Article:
Do anti-depressants work?
I wish this was a simple question to answer. What makes it difficult is the endless misinformation and controversy.
But, it is an important question I will do my best to answer.
On the surface, it seems relatively straightforward…” does medication help with depression?”
The pharmaceutical industry would have you believe that anti-depressants work. Many Doctors believe anti-depressants help with depression. So much so that in 2012, the NHS issued 50 million prescriptions for anti-depressant medications. This costs the British taxpayer around £784,000 every day.
And, to put it simply, yes, they can help a little. But not for the reasons you might think. Anti-depressants only help because of something called the placebo effect.
And in reality,
between ’85 to 90% of people being prescribed anti-depressants are not getting any clinically meaningful benefit from the drug itself’ (Kirsch, I. 2008)
So, what is the placebo effect?
A Placebo is a fake pill. Research trials use a placebo to test whether drugs improve or improve problems.
What happens is you get two groups of people. One group will take the anti-depressant, and the other will take the placebo – a sugar pill. Only those in the group won’t know what they are taking.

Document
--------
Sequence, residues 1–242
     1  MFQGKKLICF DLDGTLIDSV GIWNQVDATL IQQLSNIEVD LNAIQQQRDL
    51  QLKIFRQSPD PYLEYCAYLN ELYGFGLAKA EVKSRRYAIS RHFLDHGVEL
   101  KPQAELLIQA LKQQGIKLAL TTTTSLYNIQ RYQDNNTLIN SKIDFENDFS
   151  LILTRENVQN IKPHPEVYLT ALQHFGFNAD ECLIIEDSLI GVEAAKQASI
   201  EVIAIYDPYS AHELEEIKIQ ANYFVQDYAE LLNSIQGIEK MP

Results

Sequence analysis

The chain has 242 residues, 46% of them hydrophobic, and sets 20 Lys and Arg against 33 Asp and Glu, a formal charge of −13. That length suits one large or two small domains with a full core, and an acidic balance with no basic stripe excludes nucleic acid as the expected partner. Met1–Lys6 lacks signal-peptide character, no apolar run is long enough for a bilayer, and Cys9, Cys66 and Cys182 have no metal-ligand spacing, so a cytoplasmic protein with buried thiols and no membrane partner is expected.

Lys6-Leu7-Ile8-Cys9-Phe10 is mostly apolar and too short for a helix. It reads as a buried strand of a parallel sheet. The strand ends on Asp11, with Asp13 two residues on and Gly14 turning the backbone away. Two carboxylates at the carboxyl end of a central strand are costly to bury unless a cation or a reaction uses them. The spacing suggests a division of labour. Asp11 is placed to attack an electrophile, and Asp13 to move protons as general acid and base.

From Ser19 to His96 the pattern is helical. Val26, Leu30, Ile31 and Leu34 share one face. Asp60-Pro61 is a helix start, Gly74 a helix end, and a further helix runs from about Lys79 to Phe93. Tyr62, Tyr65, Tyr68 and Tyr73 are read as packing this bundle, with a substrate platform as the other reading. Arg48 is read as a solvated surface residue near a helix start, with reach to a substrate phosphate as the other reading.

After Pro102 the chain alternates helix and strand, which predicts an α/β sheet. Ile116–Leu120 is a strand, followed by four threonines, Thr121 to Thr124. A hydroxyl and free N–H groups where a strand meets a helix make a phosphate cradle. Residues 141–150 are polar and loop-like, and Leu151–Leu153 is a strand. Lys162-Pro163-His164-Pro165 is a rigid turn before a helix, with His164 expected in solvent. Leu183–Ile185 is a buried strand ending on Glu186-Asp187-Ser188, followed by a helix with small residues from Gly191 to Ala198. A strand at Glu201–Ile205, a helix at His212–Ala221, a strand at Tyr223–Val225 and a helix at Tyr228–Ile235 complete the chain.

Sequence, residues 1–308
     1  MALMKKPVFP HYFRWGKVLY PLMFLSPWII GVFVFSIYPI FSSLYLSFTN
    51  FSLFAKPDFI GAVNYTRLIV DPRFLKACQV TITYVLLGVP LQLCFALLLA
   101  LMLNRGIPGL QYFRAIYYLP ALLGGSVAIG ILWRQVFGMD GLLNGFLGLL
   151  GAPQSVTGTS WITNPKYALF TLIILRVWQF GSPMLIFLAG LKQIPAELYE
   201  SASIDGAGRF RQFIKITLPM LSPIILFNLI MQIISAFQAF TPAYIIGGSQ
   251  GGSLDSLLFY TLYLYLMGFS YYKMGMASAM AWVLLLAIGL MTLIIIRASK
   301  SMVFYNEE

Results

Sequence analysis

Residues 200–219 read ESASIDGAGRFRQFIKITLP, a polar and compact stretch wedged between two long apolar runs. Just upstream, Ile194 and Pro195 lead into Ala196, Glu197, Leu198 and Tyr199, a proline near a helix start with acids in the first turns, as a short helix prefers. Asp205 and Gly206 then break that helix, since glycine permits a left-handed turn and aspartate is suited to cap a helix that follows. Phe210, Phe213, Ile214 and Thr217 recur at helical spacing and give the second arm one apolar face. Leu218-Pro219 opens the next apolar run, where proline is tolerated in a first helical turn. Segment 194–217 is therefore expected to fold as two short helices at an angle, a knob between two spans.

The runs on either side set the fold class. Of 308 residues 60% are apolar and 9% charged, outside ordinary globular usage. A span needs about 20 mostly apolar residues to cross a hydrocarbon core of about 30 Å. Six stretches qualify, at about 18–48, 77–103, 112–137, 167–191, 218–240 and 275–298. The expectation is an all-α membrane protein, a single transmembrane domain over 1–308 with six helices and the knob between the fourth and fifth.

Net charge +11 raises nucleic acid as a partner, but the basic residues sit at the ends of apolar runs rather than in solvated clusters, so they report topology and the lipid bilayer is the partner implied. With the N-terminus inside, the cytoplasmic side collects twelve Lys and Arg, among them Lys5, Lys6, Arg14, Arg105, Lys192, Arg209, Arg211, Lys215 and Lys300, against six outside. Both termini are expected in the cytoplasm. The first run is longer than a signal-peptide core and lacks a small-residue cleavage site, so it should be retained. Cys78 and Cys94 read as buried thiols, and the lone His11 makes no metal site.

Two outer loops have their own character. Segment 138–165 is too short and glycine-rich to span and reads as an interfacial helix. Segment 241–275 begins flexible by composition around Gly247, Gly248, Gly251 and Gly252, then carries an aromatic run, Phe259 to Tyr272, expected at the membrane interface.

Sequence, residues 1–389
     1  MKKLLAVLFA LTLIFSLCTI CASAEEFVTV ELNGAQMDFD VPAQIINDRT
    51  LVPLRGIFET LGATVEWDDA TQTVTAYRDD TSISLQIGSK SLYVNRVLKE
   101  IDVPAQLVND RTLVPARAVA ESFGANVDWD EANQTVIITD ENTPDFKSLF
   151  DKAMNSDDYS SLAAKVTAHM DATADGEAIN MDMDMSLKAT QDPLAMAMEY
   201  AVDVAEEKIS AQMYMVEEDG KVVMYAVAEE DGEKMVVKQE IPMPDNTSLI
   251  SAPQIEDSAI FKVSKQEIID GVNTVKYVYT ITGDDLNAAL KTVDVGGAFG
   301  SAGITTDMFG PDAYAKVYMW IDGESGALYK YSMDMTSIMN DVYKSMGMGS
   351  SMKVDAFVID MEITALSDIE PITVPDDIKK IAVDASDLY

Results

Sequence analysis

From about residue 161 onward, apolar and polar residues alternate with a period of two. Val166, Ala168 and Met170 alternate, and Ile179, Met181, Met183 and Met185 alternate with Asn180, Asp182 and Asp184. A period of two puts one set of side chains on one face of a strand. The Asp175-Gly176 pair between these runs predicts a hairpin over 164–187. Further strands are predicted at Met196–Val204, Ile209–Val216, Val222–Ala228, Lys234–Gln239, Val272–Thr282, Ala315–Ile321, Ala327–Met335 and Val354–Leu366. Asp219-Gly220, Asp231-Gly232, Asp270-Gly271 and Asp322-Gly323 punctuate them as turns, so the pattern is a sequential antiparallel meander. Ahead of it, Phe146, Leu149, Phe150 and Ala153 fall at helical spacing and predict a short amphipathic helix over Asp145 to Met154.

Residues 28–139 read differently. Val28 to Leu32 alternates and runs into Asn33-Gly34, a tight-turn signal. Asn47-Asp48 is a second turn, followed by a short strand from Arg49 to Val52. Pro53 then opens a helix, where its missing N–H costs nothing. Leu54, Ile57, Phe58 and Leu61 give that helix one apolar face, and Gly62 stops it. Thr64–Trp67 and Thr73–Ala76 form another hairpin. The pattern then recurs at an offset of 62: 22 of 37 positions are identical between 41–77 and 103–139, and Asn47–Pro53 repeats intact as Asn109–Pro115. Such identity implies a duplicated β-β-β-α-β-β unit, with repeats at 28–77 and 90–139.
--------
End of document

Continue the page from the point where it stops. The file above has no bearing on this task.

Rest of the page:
Global media picked up Kirsch’s findings, and he was criticised greatly. But, the criticisms didn’t stand up. His findings were backed up by another leading Psychiatrist, Professor Walter Brown. (Davies, J. (2013).
We found the same thing as Kirsch…for mildly and moderately depressed patients, our results confirm that anti-depressants offer no advantage over placebos, alternative therapies, or even moderate exercise.”Professor Walter Brown
So, if they don’t work, why are we led to believe they do?
As Dr James Davies argues in his book Cracked: Why Psychiatry is doing more harm than good, there are two main reasons.
- Psychiatry is dominated by a bio-medical model that suggests emotional pain is a disease.
- Pharmaceutical companies have exploited the opportunity to make billions of pounds worldwide.
Let’s take the first of these reasons, the bio-medical model in psychiatry.
The bio-medical model claims that people get depressed, anxious, addicted, have hallucinations, self-harm and commit suicide because of a chemical imbalance in the brain that is not normal. The trouble is that this belief isn’t based on scientific data.